Steve Mason dons new CF-18 mask in dominant shutout win
Steve Mason is finally, at long last, back on the Winnipeg Jets roster.
The veteran goaltender had just begun to get his groove with his new team after signing a two-year deal with Winnipeg in free agency when, early in January, he went on injured reserve for a concussion.
It took two months to see him return to full health, but the Jets finally activated him on March 5th – and the following day, he took the ice for a spectacular 31-save shutout win over the New York Rangers to show he’s really back.
In the process, he showed off a new mask, to boot:
Imagined and brought to life by Quebecois mask artist Sylvie Marsolais of Sylabrush, the mask is a serene, sketch-inspired design done predominantly in greyscale and aluminum accents.
Like his first mask with the Jets, this one pays homage to the Royal Canadian Air Force – but where the first one looked as if to draw parallels to the Ace Combat 5 and 6 covers, this one is a tribute specifically to the CF-18 Hornet planes that have served the RCAF for so long.
First introduced in November of 1978, the CF-18 was the Canadian answer to the American F/A-18 developed a few years earlier.
The Hornet lines are some of the most popular in military aviation in regards to pop culture, as they serve as the planes flown in the iconic US Navy Blue Angels squadron – and like their real-life counterparts, the airborne sketches Marsolais put on the mask are nimble and free-wheeling in the background:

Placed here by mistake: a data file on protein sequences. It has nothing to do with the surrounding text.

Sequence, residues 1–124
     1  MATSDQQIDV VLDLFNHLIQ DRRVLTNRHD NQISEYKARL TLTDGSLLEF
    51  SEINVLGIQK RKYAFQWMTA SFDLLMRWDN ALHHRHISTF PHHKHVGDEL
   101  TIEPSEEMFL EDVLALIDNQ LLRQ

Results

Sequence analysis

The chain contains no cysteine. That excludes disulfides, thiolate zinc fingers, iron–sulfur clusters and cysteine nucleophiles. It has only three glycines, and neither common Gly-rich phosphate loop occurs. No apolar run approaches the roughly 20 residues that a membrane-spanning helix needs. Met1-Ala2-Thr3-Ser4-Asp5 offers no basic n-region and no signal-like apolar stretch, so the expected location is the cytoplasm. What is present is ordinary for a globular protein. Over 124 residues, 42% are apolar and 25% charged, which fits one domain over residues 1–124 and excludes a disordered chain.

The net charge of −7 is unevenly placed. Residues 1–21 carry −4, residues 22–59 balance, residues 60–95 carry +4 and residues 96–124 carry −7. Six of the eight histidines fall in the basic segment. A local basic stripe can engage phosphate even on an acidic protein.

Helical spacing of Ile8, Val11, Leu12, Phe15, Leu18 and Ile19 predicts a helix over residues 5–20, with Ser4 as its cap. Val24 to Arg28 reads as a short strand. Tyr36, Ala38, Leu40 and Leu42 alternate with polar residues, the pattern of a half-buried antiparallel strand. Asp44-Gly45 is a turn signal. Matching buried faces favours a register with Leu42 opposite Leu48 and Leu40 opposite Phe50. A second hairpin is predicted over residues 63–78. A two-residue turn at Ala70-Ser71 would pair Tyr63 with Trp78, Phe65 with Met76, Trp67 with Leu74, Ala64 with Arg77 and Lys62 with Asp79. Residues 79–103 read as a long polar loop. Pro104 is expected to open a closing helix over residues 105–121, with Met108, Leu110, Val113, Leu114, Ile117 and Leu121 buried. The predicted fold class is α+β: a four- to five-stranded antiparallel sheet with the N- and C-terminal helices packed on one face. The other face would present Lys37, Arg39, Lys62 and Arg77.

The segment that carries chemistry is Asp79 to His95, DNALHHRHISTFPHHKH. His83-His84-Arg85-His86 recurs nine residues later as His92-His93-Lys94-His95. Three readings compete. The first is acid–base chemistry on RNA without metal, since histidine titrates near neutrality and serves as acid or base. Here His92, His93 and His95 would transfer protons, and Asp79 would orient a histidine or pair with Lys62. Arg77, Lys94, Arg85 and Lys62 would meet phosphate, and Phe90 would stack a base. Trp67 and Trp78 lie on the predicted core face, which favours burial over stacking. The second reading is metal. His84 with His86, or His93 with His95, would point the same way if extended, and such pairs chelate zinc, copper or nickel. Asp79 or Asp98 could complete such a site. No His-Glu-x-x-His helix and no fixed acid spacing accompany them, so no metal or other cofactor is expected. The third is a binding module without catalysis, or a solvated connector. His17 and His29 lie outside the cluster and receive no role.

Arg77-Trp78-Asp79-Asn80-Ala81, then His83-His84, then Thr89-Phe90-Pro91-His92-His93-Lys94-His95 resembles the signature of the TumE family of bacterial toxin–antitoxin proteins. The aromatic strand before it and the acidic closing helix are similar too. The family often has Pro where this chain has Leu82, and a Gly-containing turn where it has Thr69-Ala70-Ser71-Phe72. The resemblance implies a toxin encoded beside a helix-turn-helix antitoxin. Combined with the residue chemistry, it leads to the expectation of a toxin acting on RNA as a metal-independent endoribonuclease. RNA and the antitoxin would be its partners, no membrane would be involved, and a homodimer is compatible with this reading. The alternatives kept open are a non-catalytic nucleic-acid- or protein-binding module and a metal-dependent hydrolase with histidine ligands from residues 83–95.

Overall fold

The mask gets a splash of color, though, as Marsolais superimposed the outline of the Jets logo over the Hornets flying in the background using some pretty nifty technology:
“[When] Steve contacted us for his new mask, he wanted realistic details with some CF-18’s,” Marsolais wrote to InGoal, “so we did a design by incorporating the CF-18 in the background of the Jets wings emblem.”
“As you can see, we did some 3D effects on the wings emblem to make it come alive,” she added.
Sure enough, the mask looks as if the wings of the Jets logo are lifted right off the side of the mask, but the metallic blue is flat to the lid itself; the paint, rather than an extra ridge, is what makes the difference.
The back of the mask brings a personal touch, with a moose on the right and a realistic rendition of Mason’s daughter on the left at his request. Her name, Emma, is written in faint script up at the top of the backplate; there, but subtly so.
The mask is both serene and action-packed, depicting the kind of artistic scene that Marsolais excels at creating so well. There’s just enough color to create a multi-dimensional design with the team logo and the Hornets, but it’s almost a complete departure from what he donned to start the year.
Mason’s game on Tuesday brought his save percentage up to a .906 on the season, although playing in just 12 games so far has been skewing his numbers significantly.
Expect that to change a bit, as the Jets hope to give starter Connor Hellebuyck enough rest to remain strong during any potential playoff runs. But with just 16 games left in the season – and Hellebuyck still about 11 games shy of the 65 number that the team likely hoped to hold him to on the year – Mason may have to finish his first year in Winnipeg with a much lighter workload than he had initially anticipated.
For now, though, he’s got a pretty sweet new lid to showcase when he does get the nod: